According to the Florida Department of Health, studies from 2001-2005 suggest that the state averages 465 deaths per year from unintentional drowning. Similar studies suggest that Florida ranks in the United States in drowning deaths for young children. A more recent statistic points that in 2008 71% Florida’s drowning deaths involved children ages 0-4. On average 566 people are hospitalized in Florida each year for injuries suffered from near drowning. Costs of a near drowning-related hospital stay range from $10,000 for standard 2-day treatment to $4 million in case of brain damage.
The federal and state laws offer some pool regulations through the Virginia Graeme Baker Pool and Spa Safety Act of 2007, named after a 7-year-old who died after the suction of a drain entrapped her underwater. Entrapment occurs when a pool’s filtration system sucks a child under water. The federal law requires public pools and hot tubs to be equipped with an anti-entrapment drain cover. A safety vacuum release system is required for those pools or hot tubs with a single main drain. The U.S. Consumer Product Safety Commission enforces the law, and public places such as health clubs and hotels must comply or risk an immediate closure of the pool area. So the first step to pool safety is to make sure the pool drain complies with the law and has a safety vacuum release.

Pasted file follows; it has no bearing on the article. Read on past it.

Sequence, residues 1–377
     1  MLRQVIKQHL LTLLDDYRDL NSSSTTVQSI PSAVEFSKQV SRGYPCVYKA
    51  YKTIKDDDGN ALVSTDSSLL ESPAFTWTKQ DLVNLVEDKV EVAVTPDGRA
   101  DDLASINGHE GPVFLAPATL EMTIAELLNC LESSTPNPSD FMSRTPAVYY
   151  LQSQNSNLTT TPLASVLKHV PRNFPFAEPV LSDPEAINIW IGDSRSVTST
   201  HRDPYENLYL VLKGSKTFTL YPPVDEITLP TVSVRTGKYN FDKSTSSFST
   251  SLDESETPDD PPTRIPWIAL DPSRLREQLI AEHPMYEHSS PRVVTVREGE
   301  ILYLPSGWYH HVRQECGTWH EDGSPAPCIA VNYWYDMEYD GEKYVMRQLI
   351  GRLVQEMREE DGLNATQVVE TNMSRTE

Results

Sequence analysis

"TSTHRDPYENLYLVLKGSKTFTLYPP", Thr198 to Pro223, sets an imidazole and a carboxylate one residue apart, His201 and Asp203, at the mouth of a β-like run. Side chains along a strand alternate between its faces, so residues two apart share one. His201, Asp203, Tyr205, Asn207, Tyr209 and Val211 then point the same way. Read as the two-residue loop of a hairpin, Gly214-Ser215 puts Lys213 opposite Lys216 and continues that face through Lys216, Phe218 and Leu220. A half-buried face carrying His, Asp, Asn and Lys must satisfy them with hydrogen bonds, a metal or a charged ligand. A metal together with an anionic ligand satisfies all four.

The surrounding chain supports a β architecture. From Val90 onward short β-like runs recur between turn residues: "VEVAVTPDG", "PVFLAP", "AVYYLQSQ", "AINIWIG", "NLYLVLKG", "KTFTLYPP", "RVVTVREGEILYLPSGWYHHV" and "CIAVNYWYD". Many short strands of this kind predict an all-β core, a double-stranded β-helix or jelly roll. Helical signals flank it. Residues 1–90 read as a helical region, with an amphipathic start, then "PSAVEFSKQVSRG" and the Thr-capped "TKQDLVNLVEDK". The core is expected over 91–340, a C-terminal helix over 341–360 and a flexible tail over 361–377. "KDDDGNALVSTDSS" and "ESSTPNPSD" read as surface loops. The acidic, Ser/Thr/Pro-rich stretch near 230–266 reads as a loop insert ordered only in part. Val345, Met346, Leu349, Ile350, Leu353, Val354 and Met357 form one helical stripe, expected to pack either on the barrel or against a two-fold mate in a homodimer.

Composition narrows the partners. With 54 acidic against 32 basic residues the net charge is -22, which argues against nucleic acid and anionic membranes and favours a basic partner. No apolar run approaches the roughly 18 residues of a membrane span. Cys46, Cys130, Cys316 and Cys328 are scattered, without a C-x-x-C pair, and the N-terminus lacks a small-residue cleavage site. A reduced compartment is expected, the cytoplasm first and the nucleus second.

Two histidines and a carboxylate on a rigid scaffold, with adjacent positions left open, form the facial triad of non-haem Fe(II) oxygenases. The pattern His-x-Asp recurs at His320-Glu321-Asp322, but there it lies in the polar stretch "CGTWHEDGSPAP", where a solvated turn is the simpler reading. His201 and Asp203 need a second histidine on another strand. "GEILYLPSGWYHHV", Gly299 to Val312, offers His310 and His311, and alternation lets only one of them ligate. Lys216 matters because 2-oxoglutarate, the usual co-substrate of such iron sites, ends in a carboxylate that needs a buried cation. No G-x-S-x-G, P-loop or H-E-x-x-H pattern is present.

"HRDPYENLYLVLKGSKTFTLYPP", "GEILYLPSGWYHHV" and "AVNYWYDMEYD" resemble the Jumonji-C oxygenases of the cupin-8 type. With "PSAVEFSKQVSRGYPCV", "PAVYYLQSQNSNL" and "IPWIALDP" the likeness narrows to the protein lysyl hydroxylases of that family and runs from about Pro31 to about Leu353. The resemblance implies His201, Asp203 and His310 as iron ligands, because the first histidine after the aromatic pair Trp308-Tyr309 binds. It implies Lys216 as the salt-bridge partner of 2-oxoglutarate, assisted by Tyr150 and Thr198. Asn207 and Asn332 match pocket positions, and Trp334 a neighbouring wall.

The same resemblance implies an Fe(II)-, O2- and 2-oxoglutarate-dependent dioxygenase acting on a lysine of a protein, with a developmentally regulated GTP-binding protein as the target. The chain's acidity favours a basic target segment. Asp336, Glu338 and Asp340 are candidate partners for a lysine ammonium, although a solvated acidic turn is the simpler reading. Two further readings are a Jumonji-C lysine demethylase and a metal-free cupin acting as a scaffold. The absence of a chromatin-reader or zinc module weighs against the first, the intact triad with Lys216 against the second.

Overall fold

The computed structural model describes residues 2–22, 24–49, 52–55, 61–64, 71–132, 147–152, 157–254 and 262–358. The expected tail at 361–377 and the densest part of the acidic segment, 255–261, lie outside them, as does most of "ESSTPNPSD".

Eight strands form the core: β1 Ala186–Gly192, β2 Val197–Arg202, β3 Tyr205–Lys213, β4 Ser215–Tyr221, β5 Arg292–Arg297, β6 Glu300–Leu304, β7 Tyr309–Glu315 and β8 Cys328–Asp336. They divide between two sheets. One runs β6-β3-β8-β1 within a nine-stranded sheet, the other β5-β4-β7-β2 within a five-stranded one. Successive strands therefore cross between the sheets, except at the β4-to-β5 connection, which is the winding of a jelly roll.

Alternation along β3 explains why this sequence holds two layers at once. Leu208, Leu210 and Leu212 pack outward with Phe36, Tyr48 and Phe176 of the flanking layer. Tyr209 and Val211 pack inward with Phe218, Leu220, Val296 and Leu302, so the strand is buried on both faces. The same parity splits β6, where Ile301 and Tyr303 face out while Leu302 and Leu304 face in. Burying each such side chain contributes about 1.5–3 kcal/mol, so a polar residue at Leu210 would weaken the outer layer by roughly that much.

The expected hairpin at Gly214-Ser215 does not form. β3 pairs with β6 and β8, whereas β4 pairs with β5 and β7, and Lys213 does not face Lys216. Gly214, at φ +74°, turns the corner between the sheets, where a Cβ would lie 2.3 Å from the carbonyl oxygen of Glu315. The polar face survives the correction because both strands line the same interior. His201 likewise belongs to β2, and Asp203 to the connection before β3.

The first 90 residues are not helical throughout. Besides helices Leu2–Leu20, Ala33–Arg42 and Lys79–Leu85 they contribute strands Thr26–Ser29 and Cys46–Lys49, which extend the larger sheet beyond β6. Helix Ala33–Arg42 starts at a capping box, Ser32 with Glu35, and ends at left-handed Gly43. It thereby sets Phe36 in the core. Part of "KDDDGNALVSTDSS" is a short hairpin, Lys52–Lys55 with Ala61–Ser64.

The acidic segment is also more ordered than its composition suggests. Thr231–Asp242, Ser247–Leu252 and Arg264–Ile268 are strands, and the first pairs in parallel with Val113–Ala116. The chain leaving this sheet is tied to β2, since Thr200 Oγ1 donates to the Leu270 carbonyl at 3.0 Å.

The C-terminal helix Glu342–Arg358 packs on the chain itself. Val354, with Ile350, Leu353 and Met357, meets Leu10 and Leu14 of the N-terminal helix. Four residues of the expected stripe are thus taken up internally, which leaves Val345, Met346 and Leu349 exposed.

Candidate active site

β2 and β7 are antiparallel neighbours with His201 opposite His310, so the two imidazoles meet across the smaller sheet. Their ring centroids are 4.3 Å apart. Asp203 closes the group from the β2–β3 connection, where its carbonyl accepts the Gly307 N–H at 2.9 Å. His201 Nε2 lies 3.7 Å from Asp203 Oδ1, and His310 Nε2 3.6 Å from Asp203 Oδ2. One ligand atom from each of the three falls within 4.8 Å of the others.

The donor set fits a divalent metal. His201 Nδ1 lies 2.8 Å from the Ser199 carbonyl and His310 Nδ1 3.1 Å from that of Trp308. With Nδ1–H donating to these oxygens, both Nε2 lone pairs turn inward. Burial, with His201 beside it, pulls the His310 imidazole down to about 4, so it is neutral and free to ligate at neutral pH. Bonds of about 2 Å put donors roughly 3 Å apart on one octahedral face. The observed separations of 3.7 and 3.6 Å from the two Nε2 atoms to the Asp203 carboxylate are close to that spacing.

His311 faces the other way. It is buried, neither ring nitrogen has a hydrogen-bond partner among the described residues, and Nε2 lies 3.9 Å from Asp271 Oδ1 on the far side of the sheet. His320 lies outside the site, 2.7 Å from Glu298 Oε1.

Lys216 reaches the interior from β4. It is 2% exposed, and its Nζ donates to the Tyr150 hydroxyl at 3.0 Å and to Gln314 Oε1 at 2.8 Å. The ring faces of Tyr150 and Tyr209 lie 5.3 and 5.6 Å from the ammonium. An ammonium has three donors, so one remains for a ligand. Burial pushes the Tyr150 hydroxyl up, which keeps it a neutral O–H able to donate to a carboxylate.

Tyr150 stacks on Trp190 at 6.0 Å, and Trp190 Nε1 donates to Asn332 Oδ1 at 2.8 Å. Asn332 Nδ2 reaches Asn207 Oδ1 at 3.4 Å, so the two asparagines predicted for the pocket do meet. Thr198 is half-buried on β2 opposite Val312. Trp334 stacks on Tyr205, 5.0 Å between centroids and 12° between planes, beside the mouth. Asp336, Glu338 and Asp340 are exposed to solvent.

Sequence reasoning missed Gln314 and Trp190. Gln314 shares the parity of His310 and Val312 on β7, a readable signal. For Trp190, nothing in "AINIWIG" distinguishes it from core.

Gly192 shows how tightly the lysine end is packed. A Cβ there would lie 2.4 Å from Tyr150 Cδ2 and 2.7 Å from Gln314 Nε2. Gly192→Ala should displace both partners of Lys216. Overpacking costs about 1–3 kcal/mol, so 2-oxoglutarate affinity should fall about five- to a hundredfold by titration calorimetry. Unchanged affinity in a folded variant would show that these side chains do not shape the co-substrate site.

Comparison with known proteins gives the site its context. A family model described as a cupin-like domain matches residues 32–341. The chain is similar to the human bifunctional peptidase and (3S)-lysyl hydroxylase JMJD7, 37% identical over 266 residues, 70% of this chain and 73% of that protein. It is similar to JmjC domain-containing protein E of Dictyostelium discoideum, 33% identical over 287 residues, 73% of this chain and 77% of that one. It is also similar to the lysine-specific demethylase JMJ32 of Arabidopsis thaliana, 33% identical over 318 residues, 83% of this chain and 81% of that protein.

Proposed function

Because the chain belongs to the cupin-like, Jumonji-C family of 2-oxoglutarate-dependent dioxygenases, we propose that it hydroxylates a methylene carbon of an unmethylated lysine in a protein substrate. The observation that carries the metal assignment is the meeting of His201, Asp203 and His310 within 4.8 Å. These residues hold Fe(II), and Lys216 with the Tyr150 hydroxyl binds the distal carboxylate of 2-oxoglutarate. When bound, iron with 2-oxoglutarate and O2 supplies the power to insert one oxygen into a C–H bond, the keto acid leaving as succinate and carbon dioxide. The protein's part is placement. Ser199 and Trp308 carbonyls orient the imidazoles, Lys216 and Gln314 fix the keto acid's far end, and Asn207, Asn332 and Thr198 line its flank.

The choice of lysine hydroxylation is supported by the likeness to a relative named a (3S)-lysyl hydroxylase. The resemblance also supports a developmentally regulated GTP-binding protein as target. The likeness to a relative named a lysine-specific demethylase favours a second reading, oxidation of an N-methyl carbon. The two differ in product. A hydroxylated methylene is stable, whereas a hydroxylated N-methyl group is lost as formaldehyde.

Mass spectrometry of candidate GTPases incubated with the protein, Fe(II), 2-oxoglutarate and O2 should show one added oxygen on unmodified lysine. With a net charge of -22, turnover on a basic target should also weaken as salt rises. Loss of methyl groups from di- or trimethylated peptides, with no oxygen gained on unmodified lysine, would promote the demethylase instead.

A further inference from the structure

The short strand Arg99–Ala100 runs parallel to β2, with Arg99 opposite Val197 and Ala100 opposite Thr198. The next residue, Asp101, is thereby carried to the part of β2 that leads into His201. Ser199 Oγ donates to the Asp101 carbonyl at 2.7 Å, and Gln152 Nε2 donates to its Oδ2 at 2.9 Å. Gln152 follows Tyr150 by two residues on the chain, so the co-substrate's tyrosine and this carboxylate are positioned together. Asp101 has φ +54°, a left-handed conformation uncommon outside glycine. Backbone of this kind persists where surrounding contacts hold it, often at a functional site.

In addition to preventing the dangers from faulty drains there are other steps to make pools safer. Keep pools clean and clear so that swimmers can be seen if they are in trouble in the water. This can prevent drownings. Also clean and clear water is a sign of disease free water. Many pools with cloudy water may contain harmful bacteria. Believe it or not many deaths and injuries come from bacteria in pools and spas. Legionnaires disease is a disease that can kill and can be acquired from just sitting next to a dirty hot tub or spa. In a recent Orlando case a visitor from England died when exposed to Legionella bacteria and acquired Legionnaires disease sitting poolside next to a hotel spa next to the pool. If the hot tub is dirty or murky, stay away and contact the pool operator and the County Health Department. Your life may depend on it.
Floridians feel that drowning is preventable and that it is possible to decrease drowning-related injuries. Public places are not the only ones responsible for pool safety. Parents can take steps to keep their children safe in public and private pools by supervising them at all times. Small children, especially toddlers, are at a higher risk of drowning in any body of water, including hot tubs and fountains. In addition, parents can receive training in life-saving techniques and CPR in case of an emergency. As parents, enroll your children in swimming classes but also keep life vests on your children. Avoid inflatable arm floaties, as they are not as safe as safety approved life vests.
If you own a pool, surround it on all four sides with a study and high fence. The height of the fence may depend on your local ordinance. The fence should have a gate that self-closes and a latch that small children cannot reach. Pool owners should also keep safety equipment nearby, such as a shepherd’s hook and life preservers. Keep a cell phone or home telephone near the pool in case there is a need to call emergency responders. Keep children away from pool filters, as the suction force may prevent them from surfacing. There are local laws that govern pools and fencing. Make sure that your pool area complies. You are not only obeying the law, you may save a life.